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Biology of the disease

Cilia are highly conserved cellular structures projecting from the apical surface of most vertebral cells. They fall into two classes: motile and immotile (primary) cilia.12, 14 Motile cilia are organised in a ‘9+2’ microtubule configuration in which nine microtubule pairs surround a central doublet. These cilia generate flow or movement of fluid. Figure 2 outlines the structure of the motile and immotile cilium. Defective motile cilia can result in primary ciliary dyskinesias manifesting with bronchiectasis, infertility and left-right asymmetry.43 Immotile (primary) cilia are thought to function mainly as a sensory organelle regulating the signal transduction pathways and have a ‘9+0’ configuration, similar in structure to the motile cilia but without the central pair.12, 14, 44 Defects in immotile cilia are characterised clinically by retinitis pigmentosa, polydactyly, situs inversus, learning difficulties and cystic kidneys, liver and pancreas.39 BBS is a disease of immotile cilia.

Figure 2.
Figure 2 - Unfortunately we are unable to provide accessible alternative text for this. If you require assistance to access this image, please contact help@nature.com or the author

Structure of a cilium. Schematic diagram illustrating a longitudinal section of a primary cilium including the localisation of the proteins encoded by the disease-causing genes in Bardet–Biedl Syndrome. The chaperonin complex mediates assembly of the BBSome, which interacts with BBS3 (a GTPase) and members of the Rab family to organise ciliogenesis and maintenance of the cilium. The cross-section view demonstrates the configuration of motile cilia (9+2) and immotile cilia (9+0).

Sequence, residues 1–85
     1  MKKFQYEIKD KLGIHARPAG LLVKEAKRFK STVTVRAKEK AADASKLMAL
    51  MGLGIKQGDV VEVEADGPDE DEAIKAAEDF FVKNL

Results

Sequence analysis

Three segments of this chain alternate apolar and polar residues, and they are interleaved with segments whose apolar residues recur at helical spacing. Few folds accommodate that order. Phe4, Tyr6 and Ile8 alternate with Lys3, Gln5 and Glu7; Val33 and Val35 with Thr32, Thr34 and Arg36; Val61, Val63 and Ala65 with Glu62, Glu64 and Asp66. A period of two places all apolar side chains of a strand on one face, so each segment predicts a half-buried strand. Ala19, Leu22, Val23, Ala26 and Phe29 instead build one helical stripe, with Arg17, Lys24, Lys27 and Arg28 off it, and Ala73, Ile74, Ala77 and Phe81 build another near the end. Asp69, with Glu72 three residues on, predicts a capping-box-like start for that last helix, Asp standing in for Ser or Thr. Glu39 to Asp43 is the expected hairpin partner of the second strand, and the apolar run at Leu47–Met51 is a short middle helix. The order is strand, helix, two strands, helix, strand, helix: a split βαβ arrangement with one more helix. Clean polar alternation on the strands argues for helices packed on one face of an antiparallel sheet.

Full figure and legend (137K)

The cilium is anchored in a basal body, a specialised centriole that acts as a microtubule-organising centre. Ciliogenesis and maintenance is orchestrated via the basal body acting in concert with the BBSome, which in turn is modulated by a chaperonin complex and members of the Rab family of proteins.43 Together these proteins facilitate intraflagellar transport (IFT). This cellular process of bidirectional movement of particles facilitates the formation and maintenance of the cilium (Figure 2).

BBS1, BBS2, BBS4, BBS5, BBS7, BBS8 and BBS9 form the BBSome complex45, 46, 47 and BBS6, BBS10 and BBS12 form the chaperonin complex.48 The remaining known disease-causing genes have variable predicted functions as outlined in Table 2. No phenotypic difference has been ascertained between patients harbouring disease-causing mutations in genes associated with the BBSome compared with individuals with mutations in genes associated with the chaperonin complex.